October 25, 2013 | Posted At: 06:46 AM | Author: Brian Nadel | Category: Software-Science
The best way to teach
science is to make it into a real world situation, such asa cleaning up an oil
spill or how much water a tree requires to live. Discovery Education and 3M
have teamed up to create a bunch of science lessons, ready for the classroom.
Called Science of Everyday Life, the materials are free and quite detailed.
There are four lessons online with videos, games and virtual labs.
October 21, 2013 | Posted At: 06:27 AM | Author: Brian Nadel | Category: Software-Science
Ask any gamer in your school where to get their online
games from, and the answer is likely Steam. The gamers Web portal will soon have
an educational title. Reach for the Sun from Filament
Games shows how a mature plant grows from a seed and then decomposes. Along the
way, students learn about photosynthesis, sugar creation and consumption and
everything that has anything to do with a plant’s lifecycle. The game is available
now, will be part of Steam’s offering in November and costs $89.70 for a one
year classroom license.
June 26, 2013 | Posted At: 01:08 PM | Author: Brian Nadel | Category: Software-Science
It’s the rare school that can afford a
planetarium or even a rudimentary astronomical observatory, but there can be
one inside every school iPad. That’s because Vito Technology’s Star Walk can
put more than 200,000 celestial objects and a wide variety of facts about them
on the slate’s screen. In addition to integrating an image from the pad’s
camera, Star Walk has an eye-friendly night mode for actual star gazing
evenings out. It can even help align a telescope to find objects and see them
close up. It costs $3.
May 24, 2013 | Posted At: 06:16 AM | Author: Brian Nadel | Category: Software-Science
Here’s a cool visual lesson about our impact on our planet.
Go to NASA’a Landsat earth-observing satellite page and show some of the images
and time-lapse videos that have accumulated over Landsat's 40-year lifetime. The site
has everything from high-resolution photos from space of the current fires in
California to videos of how urban centers like Las Vegas evolved over time and the
earth’s glaciers are receding. Each comes with a nice description of what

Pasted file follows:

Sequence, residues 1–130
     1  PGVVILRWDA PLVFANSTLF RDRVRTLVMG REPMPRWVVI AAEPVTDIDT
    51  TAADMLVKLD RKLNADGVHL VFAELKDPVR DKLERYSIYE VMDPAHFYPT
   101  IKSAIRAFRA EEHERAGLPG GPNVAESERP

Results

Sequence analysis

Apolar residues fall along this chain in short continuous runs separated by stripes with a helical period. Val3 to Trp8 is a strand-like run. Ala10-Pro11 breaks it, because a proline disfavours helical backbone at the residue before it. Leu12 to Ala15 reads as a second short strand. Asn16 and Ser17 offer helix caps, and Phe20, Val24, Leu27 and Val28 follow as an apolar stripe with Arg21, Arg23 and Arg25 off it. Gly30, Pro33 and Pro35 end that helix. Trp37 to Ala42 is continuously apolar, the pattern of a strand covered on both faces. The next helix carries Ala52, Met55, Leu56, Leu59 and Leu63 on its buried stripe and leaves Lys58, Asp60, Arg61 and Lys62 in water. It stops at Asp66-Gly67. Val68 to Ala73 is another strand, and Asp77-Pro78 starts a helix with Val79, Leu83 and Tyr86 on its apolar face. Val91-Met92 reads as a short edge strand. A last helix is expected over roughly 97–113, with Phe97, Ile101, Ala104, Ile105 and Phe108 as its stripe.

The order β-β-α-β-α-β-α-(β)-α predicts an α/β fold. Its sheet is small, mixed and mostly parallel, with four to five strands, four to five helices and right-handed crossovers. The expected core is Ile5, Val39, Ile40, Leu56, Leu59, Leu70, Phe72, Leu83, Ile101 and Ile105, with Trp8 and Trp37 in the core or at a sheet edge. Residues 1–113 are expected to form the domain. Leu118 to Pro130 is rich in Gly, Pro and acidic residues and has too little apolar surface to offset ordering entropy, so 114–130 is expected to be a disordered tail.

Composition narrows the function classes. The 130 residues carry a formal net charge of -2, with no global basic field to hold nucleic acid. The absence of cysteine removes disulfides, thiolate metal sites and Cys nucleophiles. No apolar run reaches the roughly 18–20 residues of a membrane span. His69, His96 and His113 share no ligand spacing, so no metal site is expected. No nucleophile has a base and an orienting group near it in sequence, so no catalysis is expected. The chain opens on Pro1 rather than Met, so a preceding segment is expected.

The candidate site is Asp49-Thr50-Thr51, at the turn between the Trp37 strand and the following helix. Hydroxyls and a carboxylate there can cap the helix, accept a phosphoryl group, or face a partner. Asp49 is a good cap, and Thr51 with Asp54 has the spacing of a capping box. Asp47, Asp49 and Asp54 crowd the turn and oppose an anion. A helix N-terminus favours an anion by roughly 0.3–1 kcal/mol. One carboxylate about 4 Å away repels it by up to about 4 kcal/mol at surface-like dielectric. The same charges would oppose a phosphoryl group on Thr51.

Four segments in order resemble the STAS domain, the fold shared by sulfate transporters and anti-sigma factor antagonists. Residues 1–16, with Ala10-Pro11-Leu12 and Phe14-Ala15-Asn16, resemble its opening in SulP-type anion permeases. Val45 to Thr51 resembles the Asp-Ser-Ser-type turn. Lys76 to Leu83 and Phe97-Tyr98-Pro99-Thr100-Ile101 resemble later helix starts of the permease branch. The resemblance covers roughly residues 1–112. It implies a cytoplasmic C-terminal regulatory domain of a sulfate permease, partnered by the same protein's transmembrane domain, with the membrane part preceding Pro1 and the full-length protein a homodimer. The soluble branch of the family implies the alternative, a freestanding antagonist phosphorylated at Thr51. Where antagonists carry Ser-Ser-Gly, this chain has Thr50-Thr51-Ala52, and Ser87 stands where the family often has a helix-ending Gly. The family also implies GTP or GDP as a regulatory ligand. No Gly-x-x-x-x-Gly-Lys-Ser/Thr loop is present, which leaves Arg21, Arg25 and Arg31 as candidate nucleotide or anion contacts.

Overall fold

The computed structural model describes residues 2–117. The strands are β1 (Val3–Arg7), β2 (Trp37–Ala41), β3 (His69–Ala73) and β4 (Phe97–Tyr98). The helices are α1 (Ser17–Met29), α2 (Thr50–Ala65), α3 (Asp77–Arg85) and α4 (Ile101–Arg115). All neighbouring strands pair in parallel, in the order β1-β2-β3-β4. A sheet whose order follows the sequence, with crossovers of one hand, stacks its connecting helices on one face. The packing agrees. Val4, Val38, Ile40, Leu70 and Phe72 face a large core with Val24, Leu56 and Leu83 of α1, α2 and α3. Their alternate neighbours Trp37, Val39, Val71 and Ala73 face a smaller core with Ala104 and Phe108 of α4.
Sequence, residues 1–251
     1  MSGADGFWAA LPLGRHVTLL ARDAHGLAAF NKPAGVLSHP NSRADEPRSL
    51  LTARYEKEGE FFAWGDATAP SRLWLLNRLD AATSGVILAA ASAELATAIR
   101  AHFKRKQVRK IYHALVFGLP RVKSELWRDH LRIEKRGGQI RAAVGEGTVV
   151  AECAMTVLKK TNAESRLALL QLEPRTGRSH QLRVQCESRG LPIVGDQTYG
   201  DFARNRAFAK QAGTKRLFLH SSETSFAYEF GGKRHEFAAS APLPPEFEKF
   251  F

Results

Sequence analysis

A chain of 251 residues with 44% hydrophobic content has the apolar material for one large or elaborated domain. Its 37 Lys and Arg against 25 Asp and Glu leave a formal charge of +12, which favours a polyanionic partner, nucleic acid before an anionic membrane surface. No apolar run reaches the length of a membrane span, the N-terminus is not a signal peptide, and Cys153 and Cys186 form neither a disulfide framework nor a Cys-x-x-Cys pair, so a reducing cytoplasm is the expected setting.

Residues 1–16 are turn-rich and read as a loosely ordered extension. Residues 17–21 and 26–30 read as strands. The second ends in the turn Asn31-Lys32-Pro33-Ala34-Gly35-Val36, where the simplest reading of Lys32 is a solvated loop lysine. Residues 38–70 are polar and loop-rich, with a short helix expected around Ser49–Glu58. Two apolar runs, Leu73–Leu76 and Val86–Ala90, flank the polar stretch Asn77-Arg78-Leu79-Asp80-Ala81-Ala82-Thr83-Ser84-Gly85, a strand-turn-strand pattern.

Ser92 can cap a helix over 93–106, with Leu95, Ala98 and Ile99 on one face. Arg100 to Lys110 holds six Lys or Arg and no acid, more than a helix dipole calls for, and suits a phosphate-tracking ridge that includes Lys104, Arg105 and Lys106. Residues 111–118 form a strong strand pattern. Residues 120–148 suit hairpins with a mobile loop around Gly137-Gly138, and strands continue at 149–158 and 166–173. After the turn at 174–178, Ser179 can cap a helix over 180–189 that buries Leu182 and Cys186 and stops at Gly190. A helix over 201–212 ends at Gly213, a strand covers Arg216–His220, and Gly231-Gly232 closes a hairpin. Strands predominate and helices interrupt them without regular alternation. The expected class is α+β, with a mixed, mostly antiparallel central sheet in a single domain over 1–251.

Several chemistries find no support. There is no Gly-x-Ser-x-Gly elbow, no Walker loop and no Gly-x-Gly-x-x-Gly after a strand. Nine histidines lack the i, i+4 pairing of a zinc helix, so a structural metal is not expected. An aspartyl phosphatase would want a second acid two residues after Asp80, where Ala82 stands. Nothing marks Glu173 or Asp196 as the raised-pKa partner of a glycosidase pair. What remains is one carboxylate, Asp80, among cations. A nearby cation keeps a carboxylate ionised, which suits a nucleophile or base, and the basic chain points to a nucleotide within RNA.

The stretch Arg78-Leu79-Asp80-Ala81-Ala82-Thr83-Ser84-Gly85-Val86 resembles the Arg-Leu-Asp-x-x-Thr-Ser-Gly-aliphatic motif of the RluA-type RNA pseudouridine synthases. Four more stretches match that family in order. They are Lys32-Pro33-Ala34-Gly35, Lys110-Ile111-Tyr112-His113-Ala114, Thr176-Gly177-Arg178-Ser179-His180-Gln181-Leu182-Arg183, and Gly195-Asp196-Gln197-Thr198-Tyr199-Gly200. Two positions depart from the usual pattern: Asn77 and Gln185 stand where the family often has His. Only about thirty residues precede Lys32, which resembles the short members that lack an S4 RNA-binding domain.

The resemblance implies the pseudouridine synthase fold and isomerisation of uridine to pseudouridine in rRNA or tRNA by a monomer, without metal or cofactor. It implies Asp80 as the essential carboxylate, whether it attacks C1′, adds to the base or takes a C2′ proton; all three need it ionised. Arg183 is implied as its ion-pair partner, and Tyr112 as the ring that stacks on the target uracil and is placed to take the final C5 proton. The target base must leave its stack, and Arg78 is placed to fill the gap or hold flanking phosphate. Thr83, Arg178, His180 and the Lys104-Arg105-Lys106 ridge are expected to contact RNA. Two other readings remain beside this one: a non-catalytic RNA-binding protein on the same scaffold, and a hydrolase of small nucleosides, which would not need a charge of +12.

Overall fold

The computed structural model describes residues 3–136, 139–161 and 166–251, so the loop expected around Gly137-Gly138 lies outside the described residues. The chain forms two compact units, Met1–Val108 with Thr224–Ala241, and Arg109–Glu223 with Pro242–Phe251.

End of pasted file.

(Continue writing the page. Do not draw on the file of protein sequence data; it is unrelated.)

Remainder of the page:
you’re seeing along with the science involved, perfect for a visual lesson
about our changing earth.
April 26, 2013 | Posted At: 05:50 AM | Author: Brian Nadel | Category: Software-Science
latest free lesson plans are sponsored by the Navy, focus on STEM education and
are aimed at high school science classrooms. In addition to nuclear power and robotics, the topics include sonar and GPS. Each has an outline, key academic
subjects covered as well as a PowerPoint slide show.
April 2, 2013 | Posted At: 09:21 AM | Author: Brian Nadel | Category: Software-Science
The latest MimioScience lessons are not only interactive but there are
26 physical science units as well as 18 for scientific processes with more than
130 actual lessons available starting in June. They’re aimed at grades 3
through 8, will be available this summer and many more lessons are coming this
winter. Access to them costs $1,299 per school for two years if you order now.
September 25, 2012 | Posted At: 10:12 AM | Author: Brian Nadel | Category: Software-Science
With access to more than 70
sensors – for everything from pH and temperature to carbon dioxide
concentration – Pasco’s iPad-based SPARKvue HD application can be the basis for
building a STEM curriculum. The software can not only show the current level of
the sensor but analyze the data and display it as a graph. The $10 app is
available at the app store and comes with 60 built-in labs and a place for
students to record their measurements, ideas and lab details.
September 6, 2012 | Posted At: 06:24 AM | Author: Brian Nadel | Category: Software-Science
good thing for the classroom, Compass Learning’s Odyssey Middle School Science
just got a lot better with a slew of updated content. The science curriculum
program now has many new lessons – including 45 new flash exercises, assessments
– including 45 new quizzes – and many new activities. Teachers also now have
more power to customized Odyssey curriculum and efficiently manage class data.
December 9, 2011 | Posted At: 07:39 AM | Author: Brian Nadel | Category: Contests
If there’s a better way to get kids interested in programming than by getting them to create video games, I haven’t found it. The AMD Foundation has teamed up with Brain Pop, the Boys and Girls clubs and others to sponsor the 2012 National STEM Video Game Challenge, a contest for the best student-written video games. The kids can win $200,000 in cash and prizes. For those who don’t know where to start, there’s a ton of resources for teachers interested in doing it as a class project.
December 9, 2011 | Posted At: 07:36 AM | Author: Brian Nadel | Category: Software-Science
A great way to augment a biology lesson on human anatomy, BioDigital Human has a virtual 3-D animated person that students can explore inside and out, without spilling a drop of blood or the smell of formaldehyde. You can choose between exploring a man or woman, see the entire body or isolate any organ. To simplify things, you can turn on and off various details, like digestion, circulation and lymph. There are explanations as well as a handy interface that lets you zoom in and out or see the body with an X-ray view. The downside is that it’s still a beta Web service and requires OpenGL graphics, so it might need an update of your video drivers.